Once Queen comes home to his son and their young servant Djuna (everything involving Djuna is weird), the pace slows down considerably and Ellery gets more involved in the investigation. There are a lot of interviews and recaps that actually move along quite well as individual scenes; the real issue is that the book is simply too long. There are so many scenes, and each is longer than it needs to be. The pretentious foreword by “J.J.McC.” describing how he acquired and published Ellery’s manuscript doesn’t help, though it’s a wonderfully 1920s touch.
The character of Ellery is still a bit sketchy here. Indeed, Inspector Queen is really the main sleuth, with Ellery as his sidekick—the younger Queen isn’t even present for the denouement. Ellery likes quotations (in moderation) and his father likes snuff (in excess); that’s about as deep as the characterization gets.
Ellery’s only annoying quality is his tendency to seize onto certain clues and totally dismiss others on specious grounds. His obsession with the top hat is a case in point. Since no gentleman would attend the theater without a top hat, Ellery is sure that whoever stole Field’s must have necessarily discarded his own, so as not to be caught with two hats. Apparently New York is a police state in which top hats are compulsory. The hat saga eventually culminates in not one, but two stupid conclusions. (Though maybe I’m just bitter because the authors didn’t use the brilliant murder method I came up with.)
While the book is always readable, the prose and characters are no more than workmanlike and the solution involves an element that is nasty to modern readers. The Roman Hat Mystery is a disappointing effort from Ellery Queen, king of crime. But it would have been a promising debut for the new author Ellery Queen, two young cousins from Brooklyn with high hopes for their first novel.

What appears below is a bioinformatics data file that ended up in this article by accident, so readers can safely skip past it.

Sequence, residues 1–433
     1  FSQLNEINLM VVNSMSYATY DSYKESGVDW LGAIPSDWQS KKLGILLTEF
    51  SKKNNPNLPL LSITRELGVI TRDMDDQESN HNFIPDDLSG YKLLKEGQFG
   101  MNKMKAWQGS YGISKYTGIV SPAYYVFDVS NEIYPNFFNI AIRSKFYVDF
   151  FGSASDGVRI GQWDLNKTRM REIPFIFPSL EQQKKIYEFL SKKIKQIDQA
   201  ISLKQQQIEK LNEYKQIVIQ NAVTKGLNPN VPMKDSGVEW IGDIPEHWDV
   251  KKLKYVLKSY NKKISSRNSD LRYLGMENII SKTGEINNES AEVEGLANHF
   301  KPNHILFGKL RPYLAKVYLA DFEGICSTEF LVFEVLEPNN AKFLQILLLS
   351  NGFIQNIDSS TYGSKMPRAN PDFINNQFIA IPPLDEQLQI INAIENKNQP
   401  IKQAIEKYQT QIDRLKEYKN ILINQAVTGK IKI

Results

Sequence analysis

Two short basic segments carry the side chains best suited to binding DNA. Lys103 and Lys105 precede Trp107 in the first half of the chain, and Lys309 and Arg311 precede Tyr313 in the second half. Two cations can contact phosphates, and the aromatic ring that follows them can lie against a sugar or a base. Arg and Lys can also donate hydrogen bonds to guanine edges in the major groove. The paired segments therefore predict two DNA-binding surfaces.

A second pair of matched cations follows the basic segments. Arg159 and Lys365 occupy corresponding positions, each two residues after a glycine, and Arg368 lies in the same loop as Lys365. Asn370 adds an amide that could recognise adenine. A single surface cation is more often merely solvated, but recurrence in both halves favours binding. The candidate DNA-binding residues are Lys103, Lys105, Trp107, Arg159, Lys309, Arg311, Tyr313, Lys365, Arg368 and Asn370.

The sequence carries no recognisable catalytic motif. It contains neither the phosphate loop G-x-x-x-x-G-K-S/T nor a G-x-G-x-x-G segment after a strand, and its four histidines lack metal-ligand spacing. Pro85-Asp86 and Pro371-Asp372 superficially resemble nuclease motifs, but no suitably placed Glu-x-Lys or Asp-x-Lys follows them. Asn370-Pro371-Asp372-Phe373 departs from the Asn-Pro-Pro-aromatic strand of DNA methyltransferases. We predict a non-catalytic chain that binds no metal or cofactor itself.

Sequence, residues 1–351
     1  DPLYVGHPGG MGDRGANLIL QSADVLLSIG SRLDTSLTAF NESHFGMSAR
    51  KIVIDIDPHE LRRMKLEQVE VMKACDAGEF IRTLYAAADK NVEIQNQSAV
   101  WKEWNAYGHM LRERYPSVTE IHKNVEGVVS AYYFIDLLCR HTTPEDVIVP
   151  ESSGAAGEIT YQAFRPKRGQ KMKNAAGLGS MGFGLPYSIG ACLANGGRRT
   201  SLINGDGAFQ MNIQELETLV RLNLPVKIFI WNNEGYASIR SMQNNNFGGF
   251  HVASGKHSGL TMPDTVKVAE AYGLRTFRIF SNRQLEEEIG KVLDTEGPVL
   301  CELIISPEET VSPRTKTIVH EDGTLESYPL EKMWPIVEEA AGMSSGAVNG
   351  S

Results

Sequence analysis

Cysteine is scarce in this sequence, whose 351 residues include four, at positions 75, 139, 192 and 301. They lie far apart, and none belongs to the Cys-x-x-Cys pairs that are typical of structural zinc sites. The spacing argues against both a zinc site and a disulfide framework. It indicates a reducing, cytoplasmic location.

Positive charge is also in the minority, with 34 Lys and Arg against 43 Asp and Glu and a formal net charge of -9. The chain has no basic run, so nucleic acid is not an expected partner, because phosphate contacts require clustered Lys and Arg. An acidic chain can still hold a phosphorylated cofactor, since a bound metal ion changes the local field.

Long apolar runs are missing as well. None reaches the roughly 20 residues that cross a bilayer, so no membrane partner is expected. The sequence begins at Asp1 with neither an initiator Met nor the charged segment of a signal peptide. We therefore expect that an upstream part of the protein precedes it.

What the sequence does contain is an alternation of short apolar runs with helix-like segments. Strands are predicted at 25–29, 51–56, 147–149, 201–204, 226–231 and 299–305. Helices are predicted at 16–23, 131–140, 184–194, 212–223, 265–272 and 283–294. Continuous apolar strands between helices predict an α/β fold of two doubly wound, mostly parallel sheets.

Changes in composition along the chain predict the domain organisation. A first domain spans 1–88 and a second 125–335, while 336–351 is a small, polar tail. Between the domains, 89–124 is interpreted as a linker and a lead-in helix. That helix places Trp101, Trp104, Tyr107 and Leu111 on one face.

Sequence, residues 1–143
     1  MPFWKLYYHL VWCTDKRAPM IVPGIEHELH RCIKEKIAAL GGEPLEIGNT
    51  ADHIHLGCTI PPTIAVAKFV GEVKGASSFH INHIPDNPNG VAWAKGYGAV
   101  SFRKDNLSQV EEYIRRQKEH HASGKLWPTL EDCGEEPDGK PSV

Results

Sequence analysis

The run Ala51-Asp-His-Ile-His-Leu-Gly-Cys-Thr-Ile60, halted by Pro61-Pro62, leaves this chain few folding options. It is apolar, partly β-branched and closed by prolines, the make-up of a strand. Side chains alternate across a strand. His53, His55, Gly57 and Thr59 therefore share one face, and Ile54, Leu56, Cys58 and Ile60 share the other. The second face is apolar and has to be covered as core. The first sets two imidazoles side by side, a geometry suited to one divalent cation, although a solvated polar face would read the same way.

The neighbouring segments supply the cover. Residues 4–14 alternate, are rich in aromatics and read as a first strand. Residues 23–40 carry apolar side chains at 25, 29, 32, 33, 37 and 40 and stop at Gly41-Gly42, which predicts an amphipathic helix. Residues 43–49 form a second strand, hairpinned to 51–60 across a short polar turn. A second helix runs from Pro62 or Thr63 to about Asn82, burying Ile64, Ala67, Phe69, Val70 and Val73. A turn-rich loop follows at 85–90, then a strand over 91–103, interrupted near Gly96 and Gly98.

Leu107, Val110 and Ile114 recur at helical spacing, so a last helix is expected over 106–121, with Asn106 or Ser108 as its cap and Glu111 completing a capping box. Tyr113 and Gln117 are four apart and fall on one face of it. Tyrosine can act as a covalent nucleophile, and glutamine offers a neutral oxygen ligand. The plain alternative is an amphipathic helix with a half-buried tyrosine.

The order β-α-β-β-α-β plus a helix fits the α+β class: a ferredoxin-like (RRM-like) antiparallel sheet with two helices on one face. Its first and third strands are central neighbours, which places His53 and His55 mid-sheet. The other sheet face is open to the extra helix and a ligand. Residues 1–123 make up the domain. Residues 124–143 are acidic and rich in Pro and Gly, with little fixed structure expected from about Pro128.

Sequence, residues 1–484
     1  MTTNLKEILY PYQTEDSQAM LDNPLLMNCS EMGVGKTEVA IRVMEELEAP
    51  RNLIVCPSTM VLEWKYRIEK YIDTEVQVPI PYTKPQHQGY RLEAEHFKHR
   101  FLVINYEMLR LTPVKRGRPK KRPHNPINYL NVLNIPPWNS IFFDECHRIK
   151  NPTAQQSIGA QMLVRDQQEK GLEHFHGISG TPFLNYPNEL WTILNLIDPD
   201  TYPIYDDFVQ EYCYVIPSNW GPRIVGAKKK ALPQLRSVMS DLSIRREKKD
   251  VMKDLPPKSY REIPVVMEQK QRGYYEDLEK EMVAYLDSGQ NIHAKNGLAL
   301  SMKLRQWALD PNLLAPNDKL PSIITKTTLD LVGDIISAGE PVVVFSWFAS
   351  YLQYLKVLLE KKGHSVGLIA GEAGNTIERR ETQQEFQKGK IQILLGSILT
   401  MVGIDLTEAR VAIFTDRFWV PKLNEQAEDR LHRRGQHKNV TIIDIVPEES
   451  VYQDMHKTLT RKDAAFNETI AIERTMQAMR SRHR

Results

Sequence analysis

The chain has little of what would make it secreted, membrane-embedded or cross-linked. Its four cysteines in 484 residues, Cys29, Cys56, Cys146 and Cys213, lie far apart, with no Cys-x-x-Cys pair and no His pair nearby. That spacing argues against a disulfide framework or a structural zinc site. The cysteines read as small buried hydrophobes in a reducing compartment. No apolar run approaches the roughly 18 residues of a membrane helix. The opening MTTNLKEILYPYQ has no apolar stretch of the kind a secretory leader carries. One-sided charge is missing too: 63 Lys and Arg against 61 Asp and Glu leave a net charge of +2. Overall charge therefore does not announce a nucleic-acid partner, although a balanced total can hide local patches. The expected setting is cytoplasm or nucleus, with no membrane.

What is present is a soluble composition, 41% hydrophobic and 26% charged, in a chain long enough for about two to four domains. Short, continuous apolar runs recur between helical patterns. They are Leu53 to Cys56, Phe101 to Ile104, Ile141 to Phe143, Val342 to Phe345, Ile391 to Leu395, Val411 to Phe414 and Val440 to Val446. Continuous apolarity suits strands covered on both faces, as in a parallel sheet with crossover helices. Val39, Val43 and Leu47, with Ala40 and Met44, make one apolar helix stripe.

The Roman Hat Mystery was Ellery Queen’s first novel. This is significant, and people are drawn to it for that very reason, but it is far from being his best novel. Not even close. The cousins even distanced themselves from it later in life, describing the early Ellery as entirely unlikable. However, the cousins were still better than most writers, and they do sweep the readers up into the action.
It’s easy to be surprised after the fact, because we know now what these guys would go on to do, but in spite these innovations this is also very much a product of its time and hamstrung by the usual conventions. It is exceptionally talky, and not in the spry and playful way that the later Queens would become but instead in a kind of “Let’s Recap the Facts to Date to Keep Our Reader Up to Speed” kind of way.
The Roman Hat Mystery is ultimately a fairly enjoyable read, but it is very focused on the investigation angle. I wouldn’t say that the investigation necessarily tires, but it does go on and on.
In one sense, not a lot really happens. Inspector Richard Queen and his son Ellery (who takes a back seat to his father for a fair portion of the book, which surprised me) basically interview suspects a few times and then catch the killer. There’s no added jeopardy, no subplots, no romantic entanglements – on the face of it, it should be quite dry and uninteresting. And yet, it’s not. The characters pull you in, especially, I felt, Richard Queen, and the mystery is intriguing. There is a need to adjust your viewpoint a little with regard the “everyone had a top hat” idea – the way around it is clever, but not unguessable, but you have to keep reminding yourself that it is apparently impossible for anyone to enter a theatre in evening dress without a top hat. I found myself reminding myself that a lot.
Overall, I found the novel to be quite uneven and poorly paced with lengthy blocks of dialogue and a dull array of suspects. While there are some strong and entertaining parts of the story, I did feel that all-in-all this was a miss for me.
The Roman Hat Mysteryis available in ebook format from the Mysterious Press in the US and UK.